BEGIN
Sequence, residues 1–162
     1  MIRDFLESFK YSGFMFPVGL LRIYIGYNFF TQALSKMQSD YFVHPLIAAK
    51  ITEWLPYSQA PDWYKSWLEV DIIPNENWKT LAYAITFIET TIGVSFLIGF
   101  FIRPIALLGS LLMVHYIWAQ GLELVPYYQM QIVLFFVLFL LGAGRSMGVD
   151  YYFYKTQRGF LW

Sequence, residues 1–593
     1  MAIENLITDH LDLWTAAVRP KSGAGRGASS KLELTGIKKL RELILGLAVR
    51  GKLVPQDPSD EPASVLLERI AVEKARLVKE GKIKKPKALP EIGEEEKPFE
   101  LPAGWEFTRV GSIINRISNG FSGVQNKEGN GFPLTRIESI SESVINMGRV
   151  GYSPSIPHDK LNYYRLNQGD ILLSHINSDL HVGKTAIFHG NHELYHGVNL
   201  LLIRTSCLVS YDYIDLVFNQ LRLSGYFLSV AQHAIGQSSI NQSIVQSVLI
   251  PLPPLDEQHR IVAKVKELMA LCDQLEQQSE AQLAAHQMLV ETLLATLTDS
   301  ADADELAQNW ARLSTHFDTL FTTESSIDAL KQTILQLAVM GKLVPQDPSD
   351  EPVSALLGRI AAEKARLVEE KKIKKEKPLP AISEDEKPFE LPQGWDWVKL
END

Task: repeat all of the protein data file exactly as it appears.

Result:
Sequence, residues 1–162
     1  MIRDFLESFK YSGFMFPVGL LRIYIGYNFF TQALSKMQSD YFVHPLIAAK
    51  ITEWLPYSQA PDWYKSWLEV DIIPNENWKT LAYAITFIET TIGVSFLIGF
   101  FIRPIALLGS LLMVHYIWAQ GLELVPYYQM QIVLFFVLFL LGAGRSMGVD
   151  YYFYKTQRGF LW

Sequence, residues 1–593
     1  MAIENLITDH LDLWTAAVRP KSGAGRGASS KLELTGIKKL RELILGLAVR
    51  GKLVPQDPSD EPASVLLERI AVEKARLVKE GKIKKPKALP EIGEEEKPFE
   101  LPAGWEFTRV GSIINRISNG FSGVQNKEGN GFPLTRIESI SESVINMGRV
   151  GYSPSIPHDK LNYYRLNQGD ILLSHINSDL HVGKTAIFHG NHELYHGVNL
   201  LLIRTSCLVS YDYIDLVFNQ LRLSGYFLSV AQHAIGQSSI NQSIVQSVLI
   251  PLPPLDEQHR IVAKVKELMA LCDQLEQQSE AQLAAHQMLV ETLLATLTDS
   301  ADADELAQNW ARLSTHFDTL FTTESSIDAL KQTILQLAVM GKLVPQDPSD
   351  EPVSALLGRI AAEKARLVEE KKIKKEKPLP AISEDEKPFE LPQGWDWVKL